News Navigator: Why do Japanese schools organize club activities?


Students wearing masks maintain a school ground in the Tennoji district of Osaka in 2021. (Mainichi/Kenji Ikai)

The Mainichi Shimbun answers some common questions readers may have about school club activities.

Question: Why is it that even on weekends when there is no class, we hear the joyful voices of children coming from the schools?

Answer: These are the voices of children in sports and cultural club activities such as baseball and marching bands. School teachers coach them. But children in Europe and the United States go to local clubs and learn the sport with professional coaches. Club activities conducted by teachers at school are a unique system in Japan.

Q: How did it become like this?

A: It originated with the “Koyukai” associations which were formed during the Meiji era (1868-1912) for competitive sports practiced in high schools and other schools under the old education system, and continued after the war. It was not until the 1970s that it became what it is today. In order to encourage more children to play sports, rather than bolstering only a small elite group, club activities became mandatory for middle school students in 1969 and for high school students in 1970.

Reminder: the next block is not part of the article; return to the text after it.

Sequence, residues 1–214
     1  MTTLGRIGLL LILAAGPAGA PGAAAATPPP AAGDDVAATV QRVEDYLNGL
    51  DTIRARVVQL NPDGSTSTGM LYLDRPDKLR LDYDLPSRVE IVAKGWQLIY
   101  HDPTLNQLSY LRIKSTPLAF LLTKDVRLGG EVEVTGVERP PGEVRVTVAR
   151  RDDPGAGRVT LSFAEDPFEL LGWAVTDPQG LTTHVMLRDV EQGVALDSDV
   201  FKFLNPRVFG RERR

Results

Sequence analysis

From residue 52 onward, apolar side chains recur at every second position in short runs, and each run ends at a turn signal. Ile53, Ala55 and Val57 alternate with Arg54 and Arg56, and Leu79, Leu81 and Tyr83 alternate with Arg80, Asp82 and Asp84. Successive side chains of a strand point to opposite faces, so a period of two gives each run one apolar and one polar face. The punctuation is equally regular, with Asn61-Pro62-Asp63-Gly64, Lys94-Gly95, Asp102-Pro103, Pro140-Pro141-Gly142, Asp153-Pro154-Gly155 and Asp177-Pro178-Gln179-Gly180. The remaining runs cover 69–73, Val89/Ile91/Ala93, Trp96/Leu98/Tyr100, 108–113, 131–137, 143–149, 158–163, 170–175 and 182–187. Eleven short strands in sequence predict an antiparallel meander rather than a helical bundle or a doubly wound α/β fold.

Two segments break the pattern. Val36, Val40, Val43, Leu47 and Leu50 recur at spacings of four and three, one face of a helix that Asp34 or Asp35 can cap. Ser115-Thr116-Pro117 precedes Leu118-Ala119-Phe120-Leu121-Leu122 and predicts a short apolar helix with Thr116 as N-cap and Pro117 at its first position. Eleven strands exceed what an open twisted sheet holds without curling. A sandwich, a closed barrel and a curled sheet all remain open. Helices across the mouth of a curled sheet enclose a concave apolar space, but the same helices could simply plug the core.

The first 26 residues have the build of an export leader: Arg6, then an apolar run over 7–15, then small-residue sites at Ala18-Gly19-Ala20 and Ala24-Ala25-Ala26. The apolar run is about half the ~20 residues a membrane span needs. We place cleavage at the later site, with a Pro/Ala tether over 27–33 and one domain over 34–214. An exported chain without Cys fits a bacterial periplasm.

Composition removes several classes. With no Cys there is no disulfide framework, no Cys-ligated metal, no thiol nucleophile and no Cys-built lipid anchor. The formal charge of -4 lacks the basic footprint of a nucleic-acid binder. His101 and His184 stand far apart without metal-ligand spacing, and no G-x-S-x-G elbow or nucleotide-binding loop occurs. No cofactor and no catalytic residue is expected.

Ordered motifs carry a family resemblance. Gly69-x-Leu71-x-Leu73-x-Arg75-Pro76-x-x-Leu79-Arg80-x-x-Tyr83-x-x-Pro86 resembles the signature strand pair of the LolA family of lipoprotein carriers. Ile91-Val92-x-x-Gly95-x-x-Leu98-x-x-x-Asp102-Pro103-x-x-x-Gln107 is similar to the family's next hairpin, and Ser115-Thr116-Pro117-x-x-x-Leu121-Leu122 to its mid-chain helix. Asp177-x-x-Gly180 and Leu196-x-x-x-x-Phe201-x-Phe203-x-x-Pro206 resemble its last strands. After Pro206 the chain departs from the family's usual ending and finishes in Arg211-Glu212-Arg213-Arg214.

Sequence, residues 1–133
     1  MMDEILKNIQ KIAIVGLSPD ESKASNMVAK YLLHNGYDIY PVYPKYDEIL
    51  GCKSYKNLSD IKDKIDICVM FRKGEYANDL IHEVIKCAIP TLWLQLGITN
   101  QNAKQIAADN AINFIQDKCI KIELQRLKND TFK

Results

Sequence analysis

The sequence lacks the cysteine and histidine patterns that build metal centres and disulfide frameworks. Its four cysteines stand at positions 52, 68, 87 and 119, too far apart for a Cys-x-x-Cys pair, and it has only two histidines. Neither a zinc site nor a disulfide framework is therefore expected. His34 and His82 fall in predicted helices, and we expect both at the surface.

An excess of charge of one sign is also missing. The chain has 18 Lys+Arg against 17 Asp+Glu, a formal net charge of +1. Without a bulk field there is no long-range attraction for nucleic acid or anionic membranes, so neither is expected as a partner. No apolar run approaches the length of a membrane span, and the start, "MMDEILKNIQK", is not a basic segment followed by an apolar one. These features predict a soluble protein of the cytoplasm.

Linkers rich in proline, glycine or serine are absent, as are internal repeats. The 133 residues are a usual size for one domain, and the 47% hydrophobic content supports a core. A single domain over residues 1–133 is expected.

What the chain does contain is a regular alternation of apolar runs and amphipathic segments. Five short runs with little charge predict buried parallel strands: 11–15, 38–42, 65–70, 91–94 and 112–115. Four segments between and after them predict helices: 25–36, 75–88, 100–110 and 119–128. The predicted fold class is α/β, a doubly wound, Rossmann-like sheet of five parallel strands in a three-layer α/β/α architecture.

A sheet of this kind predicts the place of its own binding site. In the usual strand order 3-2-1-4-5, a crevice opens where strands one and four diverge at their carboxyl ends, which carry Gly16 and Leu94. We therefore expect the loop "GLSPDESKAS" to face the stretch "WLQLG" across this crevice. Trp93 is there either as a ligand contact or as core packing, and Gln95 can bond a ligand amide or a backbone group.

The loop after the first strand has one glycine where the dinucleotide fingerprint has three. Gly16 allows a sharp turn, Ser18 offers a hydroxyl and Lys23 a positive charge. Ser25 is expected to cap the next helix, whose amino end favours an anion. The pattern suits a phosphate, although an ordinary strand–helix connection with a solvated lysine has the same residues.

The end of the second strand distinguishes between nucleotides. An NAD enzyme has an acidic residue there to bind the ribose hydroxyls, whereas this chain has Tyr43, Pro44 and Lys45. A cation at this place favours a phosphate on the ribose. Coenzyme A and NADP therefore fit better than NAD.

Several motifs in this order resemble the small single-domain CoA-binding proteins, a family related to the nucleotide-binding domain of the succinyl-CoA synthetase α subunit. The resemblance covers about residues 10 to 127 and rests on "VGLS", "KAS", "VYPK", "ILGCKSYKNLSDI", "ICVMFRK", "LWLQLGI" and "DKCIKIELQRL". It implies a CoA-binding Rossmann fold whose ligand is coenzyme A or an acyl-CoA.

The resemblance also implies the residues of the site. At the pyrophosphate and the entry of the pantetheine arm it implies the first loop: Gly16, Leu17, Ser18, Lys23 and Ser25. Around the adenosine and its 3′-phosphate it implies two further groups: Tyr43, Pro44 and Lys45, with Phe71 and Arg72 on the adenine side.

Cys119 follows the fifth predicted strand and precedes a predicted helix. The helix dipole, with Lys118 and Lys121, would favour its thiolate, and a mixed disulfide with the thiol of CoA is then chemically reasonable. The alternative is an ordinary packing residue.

Q: So the good parts of the system have been upgraded, right?

A: Indeed. Since activities can be organized at school with teachers even after school hours and the financial burden is low, it was an opportunity for children to play sports casually. On the other hand, it is a heavy burden for teachers who act as advisers, and since the 1970s, the Japan Teachers’ Union has argued that this is not the proper role of teachers. After much debate, the activities became extracurricular in accordance with program guidelines.

Q: Did it make a difference?

A: Although efforts are being made to reduce the load on teachers by inviting instructors from outside the school, club activities are still mainly carried out at school by teachers. The reason given is that there is not a sufficient system in place to provide an alternative to club activities.

Q: What will happen in the future?

A: The Ministry of Education, Culture, Sports, Science and Technology plans to eliminate club activities in middle schools in the future and shift the focus to children’s participation in sports and cultural activities towards the community. The department is considering comprehensive community sports clubs and universities as possible hosts for these clubs.

(Japanese original by Yuta Kobayashi, Sports Information Department)

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